My son is 6 and was diagnosed with Narcolepsy at the age of four. They told me at the time that he is one of the youngest people to be diagnosed with the disorder. I understand what you are talking about when you refer to building a tolerance to your Miracle Drug. My son is on 15 mg of Dexadrine Extended Release which is up by 10 mg the past two years. It is now time to up the dosage once again. He ends up tired, sleepy and irritable about an hour after he takes it. At 14, I know its a struggle even with medication but at least you have a little bit more understanding about the disorder and why you are sleepy alot. My son is only 6 and we have been struggling with it the past two years. He is not able to fully understand why he is tired or irritable. Hopefully in a couple years he will be able to understand. Although academically he is in the top of his class his behavior the past 2 or 3 weeks has declined. I feel that it is because he is tired and is doing whatever he can to stay awake. Even if it means disrupting the class. Keep pressing on Raquel and know that you are not by yourself. There isnt alot that is known about Narcolepsy but hopefully the will do more studies and increase the awareness regarding this disability.

Mother of a 6 year old with Narcolepsy.

StephAnie Dream's picture

feeling your pain

Dear Raquel,
i just really want to let you know your not alone out there.
i have Narcolepcy, psychiatric Insomnia, and Fibromiyalgia. (and obviously im half high off my meds write now trying to type to you so dont mind the mystakes)
just needed to say wour not alone, i use to dress in black an was, no way around it, i was suicidal..storie for another day (been dealing with this stuff about 4years) but so much gets you threew, an you grow up and end with more maturity and a respect for life that you never would have thought possible.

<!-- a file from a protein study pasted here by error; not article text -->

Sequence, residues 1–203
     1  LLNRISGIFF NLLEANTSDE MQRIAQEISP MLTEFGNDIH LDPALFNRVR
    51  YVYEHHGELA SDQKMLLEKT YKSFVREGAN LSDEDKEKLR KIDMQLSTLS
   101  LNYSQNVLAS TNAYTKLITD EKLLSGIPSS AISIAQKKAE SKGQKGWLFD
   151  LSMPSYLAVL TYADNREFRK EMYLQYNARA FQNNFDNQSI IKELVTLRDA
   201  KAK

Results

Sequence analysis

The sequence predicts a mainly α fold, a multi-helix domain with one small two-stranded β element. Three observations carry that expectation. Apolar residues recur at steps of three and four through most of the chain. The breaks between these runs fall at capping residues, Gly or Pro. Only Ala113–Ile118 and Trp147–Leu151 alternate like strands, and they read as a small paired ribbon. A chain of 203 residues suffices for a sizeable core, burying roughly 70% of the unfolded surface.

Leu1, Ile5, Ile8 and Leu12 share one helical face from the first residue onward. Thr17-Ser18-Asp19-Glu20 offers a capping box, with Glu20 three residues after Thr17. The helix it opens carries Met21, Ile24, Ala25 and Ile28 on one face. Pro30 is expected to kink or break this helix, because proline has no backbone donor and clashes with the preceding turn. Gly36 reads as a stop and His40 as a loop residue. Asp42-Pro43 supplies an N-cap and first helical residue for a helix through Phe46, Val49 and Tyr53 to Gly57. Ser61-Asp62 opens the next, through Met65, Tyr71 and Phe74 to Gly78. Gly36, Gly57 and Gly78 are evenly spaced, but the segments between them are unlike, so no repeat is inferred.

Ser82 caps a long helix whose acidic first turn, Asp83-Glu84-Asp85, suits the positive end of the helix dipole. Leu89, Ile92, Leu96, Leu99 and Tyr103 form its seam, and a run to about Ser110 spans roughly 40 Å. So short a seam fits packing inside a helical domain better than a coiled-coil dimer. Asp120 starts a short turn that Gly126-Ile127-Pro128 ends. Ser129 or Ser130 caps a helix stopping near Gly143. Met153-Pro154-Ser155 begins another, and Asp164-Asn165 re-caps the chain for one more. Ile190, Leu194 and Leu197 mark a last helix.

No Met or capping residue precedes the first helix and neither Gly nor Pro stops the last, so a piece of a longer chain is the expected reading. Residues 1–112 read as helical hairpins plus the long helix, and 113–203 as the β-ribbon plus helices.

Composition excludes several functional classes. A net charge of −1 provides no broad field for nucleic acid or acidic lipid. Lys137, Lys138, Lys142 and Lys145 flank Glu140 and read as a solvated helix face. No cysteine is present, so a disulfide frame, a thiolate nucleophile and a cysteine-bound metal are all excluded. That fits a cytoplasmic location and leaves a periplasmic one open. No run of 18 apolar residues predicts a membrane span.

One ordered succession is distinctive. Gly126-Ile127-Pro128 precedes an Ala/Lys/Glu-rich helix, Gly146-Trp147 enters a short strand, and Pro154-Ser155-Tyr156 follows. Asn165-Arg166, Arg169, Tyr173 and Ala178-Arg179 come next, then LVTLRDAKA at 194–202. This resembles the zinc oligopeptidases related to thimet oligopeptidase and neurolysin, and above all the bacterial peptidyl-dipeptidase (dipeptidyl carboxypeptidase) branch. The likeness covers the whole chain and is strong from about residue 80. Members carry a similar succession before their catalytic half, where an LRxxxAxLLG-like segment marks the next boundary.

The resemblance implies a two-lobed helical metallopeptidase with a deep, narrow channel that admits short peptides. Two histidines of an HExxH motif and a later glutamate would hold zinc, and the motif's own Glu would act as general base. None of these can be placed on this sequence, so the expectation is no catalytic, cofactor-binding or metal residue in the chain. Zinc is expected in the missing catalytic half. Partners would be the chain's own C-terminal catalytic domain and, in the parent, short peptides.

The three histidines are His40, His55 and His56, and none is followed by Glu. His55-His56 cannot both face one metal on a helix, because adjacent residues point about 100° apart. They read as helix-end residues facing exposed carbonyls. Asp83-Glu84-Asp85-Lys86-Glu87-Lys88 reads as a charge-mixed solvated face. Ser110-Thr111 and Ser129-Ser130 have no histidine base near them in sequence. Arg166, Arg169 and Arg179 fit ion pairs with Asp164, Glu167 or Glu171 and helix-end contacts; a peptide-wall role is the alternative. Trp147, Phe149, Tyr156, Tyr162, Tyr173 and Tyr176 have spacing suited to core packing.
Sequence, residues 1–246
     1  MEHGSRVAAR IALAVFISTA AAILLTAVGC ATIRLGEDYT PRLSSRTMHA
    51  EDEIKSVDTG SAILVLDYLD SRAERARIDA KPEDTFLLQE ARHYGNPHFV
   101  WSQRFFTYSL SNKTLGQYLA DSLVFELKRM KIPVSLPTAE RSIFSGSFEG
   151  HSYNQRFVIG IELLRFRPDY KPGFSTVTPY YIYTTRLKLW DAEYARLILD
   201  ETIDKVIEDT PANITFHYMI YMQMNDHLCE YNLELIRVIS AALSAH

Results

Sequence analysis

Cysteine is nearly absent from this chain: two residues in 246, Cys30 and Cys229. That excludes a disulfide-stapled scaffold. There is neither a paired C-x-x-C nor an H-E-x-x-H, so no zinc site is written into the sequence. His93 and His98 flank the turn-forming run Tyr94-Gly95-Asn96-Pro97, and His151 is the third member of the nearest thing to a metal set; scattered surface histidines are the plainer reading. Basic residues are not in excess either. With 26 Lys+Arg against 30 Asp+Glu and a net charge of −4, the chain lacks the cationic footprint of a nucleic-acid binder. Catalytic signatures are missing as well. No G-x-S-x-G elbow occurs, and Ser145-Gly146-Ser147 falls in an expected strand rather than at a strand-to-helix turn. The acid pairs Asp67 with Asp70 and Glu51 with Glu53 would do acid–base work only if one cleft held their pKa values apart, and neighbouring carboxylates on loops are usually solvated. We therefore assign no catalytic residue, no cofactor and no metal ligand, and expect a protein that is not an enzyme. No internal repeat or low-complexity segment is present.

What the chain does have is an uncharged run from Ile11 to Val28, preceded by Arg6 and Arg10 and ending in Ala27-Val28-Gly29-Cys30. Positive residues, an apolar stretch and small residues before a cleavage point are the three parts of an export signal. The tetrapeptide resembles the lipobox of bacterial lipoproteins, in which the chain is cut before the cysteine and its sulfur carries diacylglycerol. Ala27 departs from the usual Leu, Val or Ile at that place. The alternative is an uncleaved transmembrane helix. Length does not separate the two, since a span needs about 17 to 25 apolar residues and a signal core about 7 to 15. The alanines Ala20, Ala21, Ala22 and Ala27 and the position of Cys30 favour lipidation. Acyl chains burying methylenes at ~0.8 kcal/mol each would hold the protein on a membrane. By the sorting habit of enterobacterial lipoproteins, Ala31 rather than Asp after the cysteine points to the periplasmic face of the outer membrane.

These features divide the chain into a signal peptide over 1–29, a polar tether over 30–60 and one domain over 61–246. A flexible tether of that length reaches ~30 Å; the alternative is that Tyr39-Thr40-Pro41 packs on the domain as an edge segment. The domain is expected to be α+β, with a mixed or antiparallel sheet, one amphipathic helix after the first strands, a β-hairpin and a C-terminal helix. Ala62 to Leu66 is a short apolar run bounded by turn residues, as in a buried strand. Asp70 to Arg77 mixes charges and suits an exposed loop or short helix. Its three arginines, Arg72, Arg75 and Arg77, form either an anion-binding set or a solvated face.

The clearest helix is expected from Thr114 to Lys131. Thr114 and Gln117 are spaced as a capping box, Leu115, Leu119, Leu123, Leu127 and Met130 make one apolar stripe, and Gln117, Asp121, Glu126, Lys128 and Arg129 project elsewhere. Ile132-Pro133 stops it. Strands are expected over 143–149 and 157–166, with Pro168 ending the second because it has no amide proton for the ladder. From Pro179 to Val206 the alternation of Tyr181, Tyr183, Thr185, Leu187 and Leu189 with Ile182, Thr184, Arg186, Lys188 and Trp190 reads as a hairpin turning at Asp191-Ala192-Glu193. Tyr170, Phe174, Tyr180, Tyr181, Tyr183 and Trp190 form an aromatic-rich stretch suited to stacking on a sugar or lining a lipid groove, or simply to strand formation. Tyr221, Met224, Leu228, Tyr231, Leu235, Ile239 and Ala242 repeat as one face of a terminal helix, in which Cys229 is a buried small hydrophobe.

an hey i hear ya, missunderstood, and all. well i need for the love of god to get off line (i wont remember i did this in the morning bc meds+sleepingpills)
ur not alone if ya ever wanna tlk (anyone else is opn to) sorry i was just a rant nxt time im just gonna stay lookin at the cool lines on media player
good night thanks an sorry.

KEN's picture


I have read some of the stories and advice on here. My wife has narcolepsy and has struggled with it for a long time now. We have been apart for a little over 8 months and we are finally talking again. I am wanting to get involved and help and I am making her a web site since it would take alot out of her and it is something she has wanted for a long time now. In doing so I was wondering if all or any of you would mind if I took some of your notes, or information to ad it to the site and some of your letters. Please let me know this means the world to her and she means the world to me. I am also making a ribbon, I know the color is black already but it doesnt do justice and black is also the color of about 50 other things. Its not fair and it should be alone and recongnized like cancer and all the other diseases that are well know.


Julie's picture

Fibro and Narcolepsy

I was diagnosed with Fibromyalgia a few years ago. The symptoms come and go but when they are present they limit me. I recently went for a sleep study to find out why I sleep for 8-10 hours every night but still wake up fatigued and often stay so sleepy though the day that I have to take a nap. It was found that I do not have sleep apnea which can be associated with fibro and my "scores" showed that I was borderline narcoleptic. The doctor perscribed provigil and it works very well. Even though the doctor said he could not give me the diagnosis of narcolepsy, can it be that I do have the disorder? Are there real connections between the two disorders? Fibro is a CNS disorder and Narcolepsy is auto immune, correct? Also, I'd like to know if either disorder could possibly be associated with the fact that I had Rheumatic fever 9 years ago. Any information would be greatly appreciated. Julie